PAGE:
High-quality exterior paints are either 100% acrylic or alkyd-modified latex. Both are excellent. But if the siding was previously painted with an alkyd or is chalking, you may want to consider using an alkyd-modified latex. Bob Bonadies, Consumer Products Project Coordinator at Benjamin Moore & Company, says alkyd-modified latex does a better job of penetrating and anchoring the coating on a chalky surface. Other manufacturers consider 100% acrylics to be their best products.
The paint's sheen
Paint may have any of several lustres. From dull to shiny, they are: flat, eggshell, pearl, satin, semi-gloss and gloss (in Canada, satin falls between flat and eggshell). Each company has slight variations in the level of sheen in each category.
A paint's lustre depends upon its mixture of pigment, resin and inert ingredients. Paint with less pigment and more resin is glossier than the reverse. Enamel is a term that usually denotes an extra-smooth, hard surface coating--the result of using plenty of resin in the formula.
The glossier a finish, the more durable and washable it tends to be. Flat paint is great at hiding irregularities and surface imperfections, important for both exterior and interior walls. Pearl and eggshell paints are a compromise; they partially hide imperfections and are more washable than flat paints. For painting interiors, the best choices are often flat paint for ceilings, eggshell for walls and semi-gloss or gloss on doors and trim. Exteriors typically call for flat or satin wall paints and semi-gloss on trim. Sears Paint Buyer, Tom Segretto, says, "With Sears Weatherbeater, our most popular sheen is satin, a good choice because it's not too shiny but cleans easier than flat."
Highly durable gloss enamels used to be available only as oil/alkyd-based products. But now you can get a very high-gloss, water-based finish that almost looks sprayed on. Sherwin-Williams' Pro Classic Waterborne Enamels are one example of this new water-based technology; these finishes offer excellent hiding, don't yellow or become brittle and are guaranteed to cover in one coat.
Another distinguishing characteristic of good paint is coverage, sometimes called "hiding." When a label says "one-coat hiding," read the fine print. An interior or exterior finish that is guaranteed one coat, without any exceptions, should cover in one coat when properly applied. Obviously, one-coat hiding is a major labor saver and well worth paying a premium to get.
The determining factor for good hiding is the level of titanium dioxide in the mixture-- the more it contains, the better the hiding. Some flat paints utilize cheap fillers to achieve high levels of hiding; unfortunately, the rest of their characteristics, such as scrubbability, fall short.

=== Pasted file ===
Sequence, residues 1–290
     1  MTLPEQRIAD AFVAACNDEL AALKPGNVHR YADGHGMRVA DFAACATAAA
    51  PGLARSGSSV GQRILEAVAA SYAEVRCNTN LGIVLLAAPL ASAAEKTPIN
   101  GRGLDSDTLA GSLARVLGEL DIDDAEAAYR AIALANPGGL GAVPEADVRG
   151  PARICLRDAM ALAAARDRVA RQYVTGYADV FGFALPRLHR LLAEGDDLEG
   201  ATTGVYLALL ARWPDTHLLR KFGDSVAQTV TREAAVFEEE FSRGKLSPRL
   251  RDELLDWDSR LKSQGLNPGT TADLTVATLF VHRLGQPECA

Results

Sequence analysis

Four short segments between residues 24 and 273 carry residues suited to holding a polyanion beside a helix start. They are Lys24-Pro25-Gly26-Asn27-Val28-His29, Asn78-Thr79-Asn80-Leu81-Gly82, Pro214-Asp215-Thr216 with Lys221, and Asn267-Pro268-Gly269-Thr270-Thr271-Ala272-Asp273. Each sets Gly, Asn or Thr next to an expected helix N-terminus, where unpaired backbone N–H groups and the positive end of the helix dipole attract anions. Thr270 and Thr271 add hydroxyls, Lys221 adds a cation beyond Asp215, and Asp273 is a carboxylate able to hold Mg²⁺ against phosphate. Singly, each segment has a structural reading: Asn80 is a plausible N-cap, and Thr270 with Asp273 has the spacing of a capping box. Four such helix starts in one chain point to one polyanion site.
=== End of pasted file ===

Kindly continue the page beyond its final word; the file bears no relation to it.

Interior paints have a scrubbability rating, established through standardized testing. This is a good indication of a paint film's toughness and ability to withstand physical abuse. Though this rating may not be posted on the can, a paint retailer should have information on the rating. By comparing these, you can get a good idea of the paint's quality.
One problem with using a flat paint on interior walls is that it can be washed, but it doesn't take kindly to scrubbing. If you scrub it with a damp cloth, you'll remove the dirt or smudge but exposed pigment particles actually become burnished or polished--which ruins the finish. To avoid this, it's better to choose a high-performance eggshell (not flat) paint.
Some new high-performance finishes are amazingly easy to clean--you just sponge them off as if you were wiping off a countertop. Ketchup, food, scuff marks, mud...all of these things just wipe clean. Sherwin Williams' Everclean is such a finish; Dutch Boy Kid's Room Paint and Benjamin Moore & Company's Regal AquaVelvet and Sears Best Easy Living Satin are other easily-cleaned examples.
Choosing the right paint also involves recognizing how the room will be used. If you don't want to figure out the right formula, sheen, and other characteristics for a certain job, you may want to check out Dutch Boy Paints' line. They decided to take the guesswork out of choosing the right formulas.
"We found out what most the often painted interior rooms and exterior projects were, and formulated products for those uses," says Linda Feldman, Brand Manager. "In functional rooms such as kitchens, baths and bedrooms, you want durability and easy maintenance first. In more decorative rooms, such as living rooms, master bedrooms or dining rooms, appearance is often the key factor. In a child's room, safety is critical." With the results from their research, Dutch Boy came out with "Kid's Room Paint," "Kitchen & Bath," "Cabinet & Trim" and other location-specific paints. Their Kid's Room Paint, for example, is a durable, washable low-odor latex formula that coordinates with a line a matching children's borders.
When you buy paint, go with reputable brands. Tailor your choices to the project, but don't waste your time or money on low-quality paint. There are significant differences between cheap and quality paints, particularly in characteristics such as hiding and washability. You're also more likely to find a more extensive color palette in the quality lines.
And last, but not least, don't forget to check the warrantee on the label--this is a benchmarking device that normally gives you a fair measure of the differences between quality levels of various paints.
Article source : http://www.hometips.com.
Wouldn’t it be great to preview color combinations on your house, before spending a lot of money on paint?
You can, with a virtual painting program called Color Style Studio. Just point and click to see rooms,
furnishings, and house exteriors in so many different colors. Use this program to explore possibilities,
then test spot your chosen paints in a small area. Visit the home page of this software for more information.